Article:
Modules, Packages, and Instances

How files are organized in CUE

Overview

CUE heavily relies on its order independence for package organization. Definitions and constraints can be split across files within a package, and even organized across directories.

Another key aspect of CUE’s package management is reproduceability. A module, the largest unit of organization, has a fixed location of all files and dependencies. There are no paths to configure. With configuration, reproducibility is key.

Within a module, CUE organizes files grouped by package. A package can be defined within the module or externally. In the latter case, CUE maintains a copy of the package within the module in a dedicated location.

Modules

A module contains a configuration layed out in a directory hierarchy. It contains the everything that is needed to deterministically determine the outcome of a CUE configuration. The root of this directory is marked by containing a cue.mod directory. The contents of this directory are mostly managed by the cue tool. In that sense, cue.mod is analogous to the .git directory marking the root directory of a repo, but where its contents are mostly managed by the git tool.

The use of a module is optional, but required if one wants to import files.

Creating a module

A module can be created by running the following command within the module root:

cue mod init [module name]

The module name is required if a packages within a module should be able to import another package within the module.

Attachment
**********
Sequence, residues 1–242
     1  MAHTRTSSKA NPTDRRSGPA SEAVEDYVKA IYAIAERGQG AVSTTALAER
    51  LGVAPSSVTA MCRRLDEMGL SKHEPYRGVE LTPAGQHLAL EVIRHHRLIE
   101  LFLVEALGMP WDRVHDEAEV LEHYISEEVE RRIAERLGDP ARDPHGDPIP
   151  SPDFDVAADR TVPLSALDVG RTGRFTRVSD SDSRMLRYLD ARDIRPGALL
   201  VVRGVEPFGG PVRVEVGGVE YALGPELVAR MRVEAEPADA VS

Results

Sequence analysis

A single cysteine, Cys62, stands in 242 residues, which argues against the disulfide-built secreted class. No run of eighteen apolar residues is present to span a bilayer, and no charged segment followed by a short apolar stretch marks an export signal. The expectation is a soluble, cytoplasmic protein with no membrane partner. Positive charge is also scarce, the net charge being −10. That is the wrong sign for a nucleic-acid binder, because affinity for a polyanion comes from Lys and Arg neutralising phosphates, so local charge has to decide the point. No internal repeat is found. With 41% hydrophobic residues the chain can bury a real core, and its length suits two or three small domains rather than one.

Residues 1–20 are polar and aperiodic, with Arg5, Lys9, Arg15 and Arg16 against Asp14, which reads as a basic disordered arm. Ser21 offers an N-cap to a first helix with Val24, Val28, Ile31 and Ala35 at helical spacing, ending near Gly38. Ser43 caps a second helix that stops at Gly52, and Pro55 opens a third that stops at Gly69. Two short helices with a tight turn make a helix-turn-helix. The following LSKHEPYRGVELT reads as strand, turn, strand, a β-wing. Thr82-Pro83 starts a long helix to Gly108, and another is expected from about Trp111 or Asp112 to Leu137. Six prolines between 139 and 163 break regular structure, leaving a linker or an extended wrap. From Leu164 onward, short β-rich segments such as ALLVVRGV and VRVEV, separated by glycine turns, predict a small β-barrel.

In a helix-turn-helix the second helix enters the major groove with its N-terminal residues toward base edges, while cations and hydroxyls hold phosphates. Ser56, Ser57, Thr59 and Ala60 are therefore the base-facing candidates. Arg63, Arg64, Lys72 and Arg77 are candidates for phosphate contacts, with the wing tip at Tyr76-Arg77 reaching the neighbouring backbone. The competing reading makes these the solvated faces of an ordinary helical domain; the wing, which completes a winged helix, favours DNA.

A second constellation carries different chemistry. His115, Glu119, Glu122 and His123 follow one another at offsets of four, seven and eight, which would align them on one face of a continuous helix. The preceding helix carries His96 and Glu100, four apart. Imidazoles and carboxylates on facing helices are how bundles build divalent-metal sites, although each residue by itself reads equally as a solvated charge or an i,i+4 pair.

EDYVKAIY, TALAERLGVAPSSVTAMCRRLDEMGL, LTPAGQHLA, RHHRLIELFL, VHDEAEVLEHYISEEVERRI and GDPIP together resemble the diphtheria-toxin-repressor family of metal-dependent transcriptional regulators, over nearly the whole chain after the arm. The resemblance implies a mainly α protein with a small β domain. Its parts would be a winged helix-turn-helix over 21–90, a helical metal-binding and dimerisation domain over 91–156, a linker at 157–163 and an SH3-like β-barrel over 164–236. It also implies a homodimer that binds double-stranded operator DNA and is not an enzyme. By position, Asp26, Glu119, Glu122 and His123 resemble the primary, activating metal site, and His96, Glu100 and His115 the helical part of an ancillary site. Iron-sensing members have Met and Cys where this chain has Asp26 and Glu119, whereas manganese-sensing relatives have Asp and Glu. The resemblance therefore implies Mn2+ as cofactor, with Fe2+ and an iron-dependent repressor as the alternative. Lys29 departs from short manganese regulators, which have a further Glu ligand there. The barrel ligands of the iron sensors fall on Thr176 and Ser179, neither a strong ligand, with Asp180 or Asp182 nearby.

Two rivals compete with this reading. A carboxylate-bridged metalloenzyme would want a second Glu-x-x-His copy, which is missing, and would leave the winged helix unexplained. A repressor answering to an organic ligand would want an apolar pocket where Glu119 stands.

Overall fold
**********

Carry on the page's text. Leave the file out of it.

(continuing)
A module can also be created by setting up the cue.mod directory and module.cue file manually.

The cue.mod directory

The module directory has the following contents:

cue.mod
|-- module.cue  // The module file
|-- pkg         // copies of external packages
|-- gen         // files generated from external sources
|-- usr         // user-defined constraints

Aside from an occasional addition to the usr subdirectory or tweak to module.cue, this directory is predominantly managed by the cue tool.

The module.cue file defines settings such as globally unique module identifier (more on this in the Import Path section). This information allows packages defined within the module to be importable within the module itself. In the future, it may hold version information of imported packages to determine the precise origin of imported files.

The other directories hold packages that are facsimiles, derivatives, or augmentations of external packages:

  • pkg: an imported external CUE package,
  • gen: CUE generated from external definitions, such as protobuf or Go,
  • usr: user-defined constraints for the above two directories.

These directories split files from the same package across different parallel hierarchies based on the origin of the content. But for all intent and purposes they should be seen as a single directory hierarchy.

The cue.mod/usr directory is a bit special here. The cue.mod/pkg and cue.mod/gen directories are populated by the cue tool. The cue.mod/usr directory, on the other hand, holds user-defined constraints for the packages defined in the other directories.

User-defined constraints can be used to fill gaps in generated constraints; as generation is not always a sure thing. They can also be used to enforce constraints on imported packages, for instance to enforce that a certain API feature is still provided or of the desired form. The usr directory allows for a cleaner organization compared to storing such user-defined constraints directly in the cue-managed directories.

Packages

Files belonging to a package

CUE files may define a package name at the top of their file. CUE uses this to determine which files belong together. If the cue tool is told to load the files for a specific directory, for instance:

cue eval ./mypkg

it will only look files with such a clause and ignore files without it.

If the package name within the directory is not unique, cue needs to know the name of the package as well

cue eval -p pkgname ./mypkg